Roald Dahl might have warned of the dangers of space hotels, but that hasn't put off billionaire entrepreneur Robert Bigelow, who has said he will put an inflatable "habitat" into space by the end of 2022.
A Las Vegas-based space pod company Bigelow Aerospace plans to send an inflatable space hotel into lunar orbit within five years, according to United Launch Alliance, which is set to provide the project with a carrier rocket. Compressed into a cylindrical package one-third of its full size, when deployed in space, the B330 will employ an onboard atmospheric system to slowly expand into a bulbous cylinder with a volume of 330 cubic meters, or 11,654 cubic feet.
Aerospace company is planning to send a habitation module in orbit, the satellite of the Earth already by 2022.
Once the habitat is in orbit, Bigelow will ensure it is functioning correctly and outfit its interior.
The B330 would launch to Low Earth Orbit on a Vulcan 562 configuration rocket, the only commercial launch vehicle in development today with sufficient performance and a large enough payload fairing to carry the habitat. A series of astronaut crews would then go on board to give it a thorough shakedown. It will provide NASA and America with an exciting and financially practical success opportunity that can be accomplished in the short term. Distributed lift would also use two more Vulcan Advanced Cryogenic Evolved Stage (ACES) launches, each carrying 35 tons of cryogenic propellant to LEO.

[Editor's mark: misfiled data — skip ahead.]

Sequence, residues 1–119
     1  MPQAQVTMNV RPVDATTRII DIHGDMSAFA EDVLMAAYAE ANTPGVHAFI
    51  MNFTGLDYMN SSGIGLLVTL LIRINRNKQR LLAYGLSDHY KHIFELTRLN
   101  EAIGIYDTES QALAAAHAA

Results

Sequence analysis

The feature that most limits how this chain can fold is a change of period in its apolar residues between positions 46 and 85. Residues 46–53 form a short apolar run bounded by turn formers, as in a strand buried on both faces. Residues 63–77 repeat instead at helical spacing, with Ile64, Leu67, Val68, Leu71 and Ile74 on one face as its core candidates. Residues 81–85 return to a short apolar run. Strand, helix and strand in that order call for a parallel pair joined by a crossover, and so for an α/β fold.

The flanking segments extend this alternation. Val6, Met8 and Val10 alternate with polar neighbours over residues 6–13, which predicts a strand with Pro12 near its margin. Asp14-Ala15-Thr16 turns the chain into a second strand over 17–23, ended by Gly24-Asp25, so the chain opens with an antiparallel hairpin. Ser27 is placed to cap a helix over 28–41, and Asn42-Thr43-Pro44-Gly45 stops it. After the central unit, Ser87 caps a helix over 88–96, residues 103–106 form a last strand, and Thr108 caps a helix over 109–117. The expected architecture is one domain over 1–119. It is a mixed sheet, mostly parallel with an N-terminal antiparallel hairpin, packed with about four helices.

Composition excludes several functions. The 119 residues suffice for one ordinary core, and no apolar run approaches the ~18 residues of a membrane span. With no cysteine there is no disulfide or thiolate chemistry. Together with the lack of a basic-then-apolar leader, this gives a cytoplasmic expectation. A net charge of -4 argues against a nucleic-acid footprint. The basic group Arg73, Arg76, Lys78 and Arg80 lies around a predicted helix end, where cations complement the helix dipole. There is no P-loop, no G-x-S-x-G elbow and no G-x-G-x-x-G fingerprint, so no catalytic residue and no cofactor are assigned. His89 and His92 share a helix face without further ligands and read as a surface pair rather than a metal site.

Once in orbit, The fuel from the other ACES rockets would act as propellant tankers to top up the last one, which would dock with the B330 and power it into a lunar transfer orbit.
"This commercial lunar depot would provide anchorage for significant lunar business development in addition to offering NASA and other governments the Moon as a new exciting location to conduct long-term exploration and astronaut training".
Two B330 habitats are now under construction. Leveraging its Vulcan launcher, ACES in-space capabilities, the XEUS lander, and new its partnership with Bigelow, ULA appears eager to expand the "cislunar space economy".